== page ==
Parliament be respected

Mansoor Akbar Kundi

IMRAN Khan’s statement in which he cursed Parliament appeared a shocking statement with dismay for many like me who know role and importance of legislatures in the promotion of democratic and public values. Imran might have uttered remarks in political or personal anger about his political adversaries who either hold majority or stand minority in either or both of the houses, nevertheless, his words reflected a negative impact on the image of a leader and even his party whose manifesto claims louder for the promotion of a viable democratic order. PTI is one of popular political parties with considerable number of seats in Parliament. It has following in all provinces. It is ruling in one of provinces where it claims to have brought positive changes in its political culture.
Parliaments are sacred. The word “Parliament” came out of the French word Parlement. It meant “to talk”. It dated back to 11th century when Europe was plunged into darkness and ruled under absolute rulers without any human and public values. It was in the mid of 14th century when in England the word assumed a political connotation with little right to speak against the ruler. The means and deeds of parliament grew as the societies entered enlightenment and raised the banner of political values as human and liberal. And with the rise of democratic values Parliament (name referred to the both houses of British legislature) became stronger and conspicuous. Parliament was generally assumed an association of King’s and public’s representatives to discuss and agree upon the matters by negotiation and debates, and not by cutting one another’s throats. Democracies strengthened under the supremacy of parliament. The more liberal was society in pursuit of democratic values and parliamentary debates the stronger became the roots of democracy with parliament as its nucleus of public representation. Nations since the beginning of 20th century run under democratic setup progressed in human values and dignity with more economic and political development than the ones without. They were/are known as parliamentary democracies with the supremacy of parliament as a sovereign entity. The minute number of democracies grew by years and years with parliament assuming the role of a “symbolic, sovereign and prestigious” body.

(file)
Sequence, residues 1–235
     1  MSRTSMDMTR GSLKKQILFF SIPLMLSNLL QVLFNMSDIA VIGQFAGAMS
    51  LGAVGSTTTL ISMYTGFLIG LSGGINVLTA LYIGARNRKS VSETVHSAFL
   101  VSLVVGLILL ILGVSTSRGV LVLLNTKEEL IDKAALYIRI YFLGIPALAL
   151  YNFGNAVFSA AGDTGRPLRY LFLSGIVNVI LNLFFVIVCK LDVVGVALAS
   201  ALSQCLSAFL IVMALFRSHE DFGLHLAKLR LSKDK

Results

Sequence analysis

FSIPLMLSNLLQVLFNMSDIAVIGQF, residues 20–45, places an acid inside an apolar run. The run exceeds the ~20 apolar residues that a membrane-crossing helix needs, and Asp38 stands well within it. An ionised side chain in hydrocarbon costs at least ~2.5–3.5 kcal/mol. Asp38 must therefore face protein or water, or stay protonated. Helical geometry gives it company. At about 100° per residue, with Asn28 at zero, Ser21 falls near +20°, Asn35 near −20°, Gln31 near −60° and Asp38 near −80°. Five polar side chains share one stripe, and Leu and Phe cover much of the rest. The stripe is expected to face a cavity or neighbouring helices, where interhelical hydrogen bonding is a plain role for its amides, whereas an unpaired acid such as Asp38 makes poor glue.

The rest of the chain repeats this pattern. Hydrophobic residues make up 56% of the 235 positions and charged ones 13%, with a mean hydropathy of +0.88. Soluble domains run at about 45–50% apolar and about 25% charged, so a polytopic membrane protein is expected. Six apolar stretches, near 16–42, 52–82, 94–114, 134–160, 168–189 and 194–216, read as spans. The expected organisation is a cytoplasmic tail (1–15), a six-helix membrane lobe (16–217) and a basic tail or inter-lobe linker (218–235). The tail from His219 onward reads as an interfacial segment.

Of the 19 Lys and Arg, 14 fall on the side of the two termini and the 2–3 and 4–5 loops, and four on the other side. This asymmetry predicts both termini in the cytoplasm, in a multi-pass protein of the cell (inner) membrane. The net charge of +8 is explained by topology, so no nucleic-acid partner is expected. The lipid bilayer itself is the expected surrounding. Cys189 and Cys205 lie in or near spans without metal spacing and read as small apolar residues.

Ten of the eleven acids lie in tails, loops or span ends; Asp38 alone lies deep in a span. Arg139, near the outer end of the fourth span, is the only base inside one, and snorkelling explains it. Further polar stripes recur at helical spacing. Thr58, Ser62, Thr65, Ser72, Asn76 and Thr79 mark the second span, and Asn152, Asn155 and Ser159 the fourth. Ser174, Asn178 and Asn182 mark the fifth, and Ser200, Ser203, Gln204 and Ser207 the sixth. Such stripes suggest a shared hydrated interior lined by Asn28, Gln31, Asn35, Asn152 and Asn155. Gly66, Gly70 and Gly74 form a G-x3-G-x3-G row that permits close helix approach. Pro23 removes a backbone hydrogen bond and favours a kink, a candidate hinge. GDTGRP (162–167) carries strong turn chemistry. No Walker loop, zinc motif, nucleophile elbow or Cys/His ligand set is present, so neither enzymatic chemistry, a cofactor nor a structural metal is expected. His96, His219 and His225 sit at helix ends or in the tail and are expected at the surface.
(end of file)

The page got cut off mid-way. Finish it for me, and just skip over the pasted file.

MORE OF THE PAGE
Democracy has little experience of success in Pakistan. A sad tale of its existence is that neither parliament nor parliamentary practices have been not much valued by either its political leaders or praetorian rulers. Had this country been allowed to run under the parliamentary values from very beginning the situation would have been different. The founder of the Pakistan Muhammad Ali Jinnah was a parliamentary leader and believed in the supremacy of Parliament. Nevertheless, the events soon after his death showed that his dream was not fulfilled by his successors with no respect for parliamentary spirit. The first Constituent Assembly (1947-54) was Parliament and embodiment of a viable representative system in the newly created country. It was dissolved by Ghulam Mohammad in the capacity of the Governor General unconstitutionally on 24th October 1954 by remarking as inefficient and incompetent at the time when it had completed the already delayed legislation of constitution making. Had he respected it by not dissolving the political scene of the country would have been brighter. As Allen Mcgrath writes in his book: The Destruction of Democracy in Pakistan that it was “wiped off from the country’s political map of as one wipes spilled milk from a table”.